More than 1.2 million new kitchens were installed in the UK last year, with studios and independents dominating growth, new research has found.
An in-depth analysis of the kitchen market by specialist consultancy JKMR found that sales of fitted kitchens were up more than 4% to £6.73 billion in 2017, including add-on and in-situ integrated major domestic appliances (MDAs) and freestanding MDAs.
Since 2010, the value of the mainstream fitted kitchen products market has risen from £2.85bn at end-client buying price to almost £4.1bn – a 43% increase.
But Malcolm Scott, commercial director at appliance distributor Swift Electrical, said that with 10% to 20% price increases on both built-in and freestanding MDAs over the past 12 months, the market has effectively not increased at all.
“In fact, it’s gone backwards,” Scott told kbbreview, blaming cost inflation and raw material price rises on Brexit-induced currency volatility and most recently, the US-led trade war.
He said the magnitude of these price increases was “unprecedented during a period where consumer disposable income has increased by about 2%” and said 2018 would be a “tough market” for Europe.
JKMR said that the market, particularly at the upper end, benefited from price rises, but suppliers and retailers were not able to pass on all cost inflation from raw materials, overheads and wages.
“As a result, many companies have seen profit levels, and/or operating profit as a percentage of turnover, down on 2016 levels,” JKMR said in its latest Overhead Report.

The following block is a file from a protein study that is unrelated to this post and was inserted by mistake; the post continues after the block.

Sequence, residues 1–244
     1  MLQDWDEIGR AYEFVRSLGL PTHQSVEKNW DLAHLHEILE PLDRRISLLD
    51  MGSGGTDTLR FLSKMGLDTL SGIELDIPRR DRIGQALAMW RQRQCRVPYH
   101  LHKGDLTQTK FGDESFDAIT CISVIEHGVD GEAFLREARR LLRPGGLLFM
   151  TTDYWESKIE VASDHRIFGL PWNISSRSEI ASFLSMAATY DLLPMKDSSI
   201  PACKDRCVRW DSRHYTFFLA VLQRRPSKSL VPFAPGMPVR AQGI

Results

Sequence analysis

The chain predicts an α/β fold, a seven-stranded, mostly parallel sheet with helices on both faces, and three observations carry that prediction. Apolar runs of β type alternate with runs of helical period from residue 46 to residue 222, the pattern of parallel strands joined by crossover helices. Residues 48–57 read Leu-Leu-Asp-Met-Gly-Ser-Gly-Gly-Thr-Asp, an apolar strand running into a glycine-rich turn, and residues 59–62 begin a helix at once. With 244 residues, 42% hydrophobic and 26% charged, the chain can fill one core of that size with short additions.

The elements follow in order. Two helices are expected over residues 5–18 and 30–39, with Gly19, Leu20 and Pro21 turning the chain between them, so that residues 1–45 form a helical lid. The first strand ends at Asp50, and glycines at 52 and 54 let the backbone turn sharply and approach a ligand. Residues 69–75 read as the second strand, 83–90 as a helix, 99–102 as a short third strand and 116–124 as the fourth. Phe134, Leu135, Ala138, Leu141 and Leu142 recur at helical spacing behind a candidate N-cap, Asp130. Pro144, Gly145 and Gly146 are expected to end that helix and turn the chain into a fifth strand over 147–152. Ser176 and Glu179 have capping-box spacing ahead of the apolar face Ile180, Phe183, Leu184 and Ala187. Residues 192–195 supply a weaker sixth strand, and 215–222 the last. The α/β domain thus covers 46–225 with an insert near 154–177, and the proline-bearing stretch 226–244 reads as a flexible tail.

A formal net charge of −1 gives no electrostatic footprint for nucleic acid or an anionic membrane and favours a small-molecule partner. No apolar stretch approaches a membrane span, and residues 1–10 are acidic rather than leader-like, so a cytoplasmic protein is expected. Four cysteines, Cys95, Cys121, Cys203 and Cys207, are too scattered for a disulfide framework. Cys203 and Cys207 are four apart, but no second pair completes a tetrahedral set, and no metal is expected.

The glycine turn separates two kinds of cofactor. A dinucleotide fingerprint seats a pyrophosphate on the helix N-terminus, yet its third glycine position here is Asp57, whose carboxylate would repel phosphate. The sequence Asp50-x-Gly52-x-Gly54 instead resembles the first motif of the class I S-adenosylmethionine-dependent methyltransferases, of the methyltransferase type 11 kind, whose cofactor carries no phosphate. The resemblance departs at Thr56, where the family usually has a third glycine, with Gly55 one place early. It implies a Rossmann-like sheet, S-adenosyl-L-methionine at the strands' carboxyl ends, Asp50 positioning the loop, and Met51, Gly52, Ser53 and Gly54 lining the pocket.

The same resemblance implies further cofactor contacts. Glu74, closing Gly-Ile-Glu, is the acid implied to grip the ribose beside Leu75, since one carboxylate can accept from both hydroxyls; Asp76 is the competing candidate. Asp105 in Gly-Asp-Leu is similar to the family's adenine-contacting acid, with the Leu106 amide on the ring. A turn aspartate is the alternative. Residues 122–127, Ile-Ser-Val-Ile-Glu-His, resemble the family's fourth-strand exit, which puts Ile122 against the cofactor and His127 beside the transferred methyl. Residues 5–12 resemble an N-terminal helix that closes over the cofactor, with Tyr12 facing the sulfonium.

The data showed that independent merchants, including studio chains and other local retailers that have added kitchen showrooms to their business, dominated growth, making almost £1.7bn in 2017 – up from £1.1bn in 2010. They currently have a 40% share of the UK market.
“For the specialist sector, 2017 saw sales value growth, but driven as much by price rises as greater consumer spend, although the top end of the sector continued to increase in importance, underlining how the UK kitchen market has become more polarised between mass-volume and high end.
“The ongoing expansion of local merchants/electrical retailers into full-scale kitchen showrooms enabled ‘other independent’ sales to increase, and it is now a very fine line in defining a ‘studio’ from an ‘other independent’,” the report said.
A quarter of market spend last year was through trade retailers, while sales direct to major house builders and the social housing providers sector made gains on increased housing completions, and online spend grew.
Meanwhile, the major DIY and trade multiples, including B&Q and Wickes, saw “mixed fortunes”, losing “considerable” market share in 2017 despite fitted kitchen sales at Howdens up 70% to £885m since 2010.
The report suggested that, unlike the situation with MFI, if Homebase exits the market it cannot be taken for granted that the other multiple operations will simply take over its lost sales.
“Rather it is likely to be Wren and Ikea who will benefit the most in relative terms,” the report predicted.
Ikea has said it will open a new mini-store in London’s Tottenham Court Road in September, focusing on large home-improvement projects, including kitchens, with more high-street stores on the horizon.
The Overview Report provides long-term trend data on market size, channel share, supplier performance, price sector and product trends, and detailed, research-based, analysis of how future economic conditions, retailing trends, political change, and housing tenure will impact the market.